• On Jan. 12, 1838, after his Mormon bank fails in the Panic of 1837, Joseph Smith flees Kirtland, Ohio, to avoid potential criminal prosecution by angry and disillusioned former believers. Smith claimed the angel Moroni had visited him in 1823 and told him he was destined to become a modern prophet of God.
• On Jan. 13, 1968, in the midst of a plummeting music career, legendary country singer Johnny Cash arrives to play for inmates at California’s Folsom Prison. The concert and the subsequent live album launched him back onto the charts.
• On Jan. 15, 1870, the first recorded use of a donkey to represent the Democratic Party appears in Harper’s Weekly, drawn by political illustrator Thomas Nast. Four years later, Nash originated the use of an elephant to symbolize the Republican Party in a Harper’s Weekly cartoon.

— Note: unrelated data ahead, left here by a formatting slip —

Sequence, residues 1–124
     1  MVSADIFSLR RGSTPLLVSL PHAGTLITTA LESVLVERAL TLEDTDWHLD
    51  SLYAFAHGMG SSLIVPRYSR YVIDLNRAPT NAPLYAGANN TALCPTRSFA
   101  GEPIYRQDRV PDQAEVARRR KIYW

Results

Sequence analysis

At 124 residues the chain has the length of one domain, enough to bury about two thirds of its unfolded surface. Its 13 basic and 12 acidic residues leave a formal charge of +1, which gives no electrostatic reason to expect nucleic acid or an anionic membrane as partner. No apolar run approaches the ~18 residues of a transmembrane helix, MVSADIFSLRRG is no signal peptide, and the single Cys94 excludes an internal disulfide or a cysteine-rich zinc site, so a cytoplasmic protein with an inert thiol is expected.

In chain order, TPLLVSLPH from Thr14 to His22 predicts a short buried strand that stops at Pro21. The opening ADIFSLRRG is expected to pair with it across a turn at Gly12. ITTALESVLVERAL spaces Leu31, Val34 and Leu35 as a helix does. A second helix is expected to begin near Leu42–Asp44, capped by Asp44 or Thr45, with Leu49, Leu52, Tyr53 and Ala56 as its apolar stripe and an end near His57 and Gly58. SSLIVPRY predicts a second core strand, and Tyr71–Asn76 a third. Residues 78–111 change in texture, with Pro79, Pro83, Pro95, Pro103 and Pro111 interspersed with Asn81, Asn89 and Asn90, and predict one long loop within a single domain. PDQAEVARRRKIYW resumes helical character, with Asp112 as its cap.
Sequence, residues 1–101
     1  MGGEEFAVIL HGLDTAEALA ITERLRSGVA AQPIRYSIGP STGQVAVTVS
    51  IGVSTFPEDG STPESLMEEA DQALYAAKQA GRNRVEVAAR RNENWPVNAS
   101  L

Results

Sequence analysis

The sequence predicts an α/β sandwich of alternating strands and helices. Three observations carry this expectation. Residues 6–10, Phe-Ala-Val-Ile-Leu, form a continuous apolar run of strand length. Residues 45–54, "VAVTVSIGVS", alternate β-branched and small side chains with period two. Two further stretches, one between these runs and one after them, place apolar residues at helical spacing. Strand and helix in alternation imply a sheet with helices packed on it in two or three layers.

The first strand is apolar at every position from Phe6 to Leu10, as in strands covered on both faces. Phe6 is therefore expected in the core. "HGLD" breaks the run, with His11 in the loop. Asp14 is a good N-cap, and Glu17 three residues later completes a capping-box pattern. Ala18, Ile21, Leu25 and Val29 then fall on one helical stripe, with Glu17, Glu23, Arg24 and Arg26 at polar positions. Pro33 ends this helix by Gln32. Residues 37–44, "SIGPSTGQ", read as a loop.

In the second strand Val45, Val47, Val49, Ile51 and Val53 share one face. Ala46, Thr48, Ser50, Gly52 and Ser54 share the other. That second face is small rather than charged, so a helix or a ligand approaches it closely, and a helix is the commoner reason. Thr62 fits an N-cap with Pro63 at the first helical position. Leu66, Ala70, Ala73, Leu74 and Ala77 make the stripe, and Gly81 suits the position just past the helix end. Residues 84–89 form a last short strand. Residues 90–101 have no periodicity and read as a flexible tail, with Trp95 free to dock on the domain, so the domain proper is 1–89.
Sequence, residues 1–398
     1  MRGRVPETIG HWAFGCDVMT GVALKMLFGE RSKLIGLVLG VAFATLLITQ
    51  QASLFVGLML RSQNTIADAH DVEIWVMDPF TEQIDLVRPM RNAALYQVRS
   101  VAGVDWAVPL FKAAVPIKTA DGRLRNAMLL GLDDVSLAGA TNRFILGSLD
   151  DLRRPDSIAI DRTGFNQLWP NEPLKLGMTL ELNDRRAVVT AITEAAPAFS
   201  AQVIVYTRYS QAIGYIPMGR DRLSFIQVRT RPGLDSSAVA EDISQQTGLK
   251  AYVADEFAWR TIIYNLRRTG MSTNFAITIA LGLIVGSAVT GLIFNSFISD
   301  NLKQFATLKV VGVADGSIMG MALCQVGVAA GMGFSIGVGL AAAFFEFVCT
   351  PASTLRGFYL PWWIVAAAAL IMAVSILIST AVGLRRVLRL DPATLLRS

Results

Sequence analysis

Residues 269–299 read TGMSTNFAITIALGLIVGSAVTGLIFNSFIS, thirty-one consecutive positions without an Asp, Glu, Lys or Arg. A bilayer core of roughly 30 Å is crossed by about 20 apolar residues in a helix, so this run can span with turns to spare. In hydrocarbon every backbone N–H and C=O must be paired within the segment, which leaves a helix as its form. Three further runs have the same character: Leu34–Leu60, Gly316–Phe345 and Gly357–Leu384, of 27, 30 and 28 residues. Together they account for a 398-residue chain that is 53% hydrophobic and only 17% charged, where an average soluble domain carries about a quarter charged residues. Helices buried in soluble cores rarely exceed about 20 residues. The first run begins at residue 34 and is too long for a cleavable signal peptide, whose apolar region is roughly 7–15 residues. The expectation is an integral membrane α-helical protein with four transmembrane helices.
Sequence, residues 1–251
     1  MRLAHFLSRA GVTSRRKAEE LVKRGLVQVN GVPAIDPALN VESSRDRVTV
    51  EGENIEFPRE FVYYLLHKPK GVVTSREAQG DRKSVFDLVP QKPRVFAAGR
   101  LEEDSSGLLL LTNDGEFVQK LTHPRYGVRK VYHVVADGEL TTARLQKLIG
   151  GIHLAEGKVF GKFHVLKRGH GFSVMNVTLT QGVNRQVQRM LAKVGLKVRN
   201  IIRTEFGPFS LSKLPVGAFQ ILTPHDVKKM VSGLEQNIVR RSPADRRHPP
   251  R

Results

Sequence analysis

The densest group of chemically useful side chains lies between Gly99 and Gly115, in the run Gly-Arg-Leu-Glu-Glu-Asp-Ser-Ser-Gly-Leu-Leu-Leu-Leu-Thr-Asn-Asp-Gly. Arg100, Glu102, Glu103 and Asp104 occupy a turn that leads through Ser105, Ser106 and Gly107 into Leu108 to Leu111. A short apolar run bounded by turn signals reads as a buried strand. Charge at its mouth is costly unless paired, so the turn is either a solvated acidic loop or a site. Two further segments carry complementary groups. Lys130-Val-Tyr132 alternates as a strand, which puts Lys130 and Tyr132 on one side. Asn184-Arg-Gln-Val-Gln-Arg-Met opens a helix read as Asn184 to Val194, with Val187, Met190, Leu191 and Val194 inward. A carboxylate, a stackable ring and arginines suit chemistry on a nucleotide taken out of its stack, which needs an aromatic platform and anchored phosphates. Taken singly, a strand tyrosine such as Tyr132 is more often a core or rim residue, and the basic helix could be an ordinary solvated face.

* On Jan. 16, 1938, Benny Goodman brings jazz to Carnegie Hall, a notion so outlandish at the time that Goodman himself initially laughed off the idea. The concert at the citadel of American high culture sold out weeks in advance.
• On Jan. 14, 1942, President Franklin Roosevelt issues Presidential Proclamation No. 2537, requiring aliens from World War II-enemy countries — Italy, Germany and Japan — to register with the Department of Justice.
• On Jan. 17, 1950, 11 men steal more than $2 million ($22 million today) from the Brink’s Armored Car depot in Boston. It was the perfect crime —almost — as the culprits weren’t caught until January 1956, just days before the statute of limitations for the theft expired.
(c) 2020 Hearst Communications, Inc. All Rights Reserved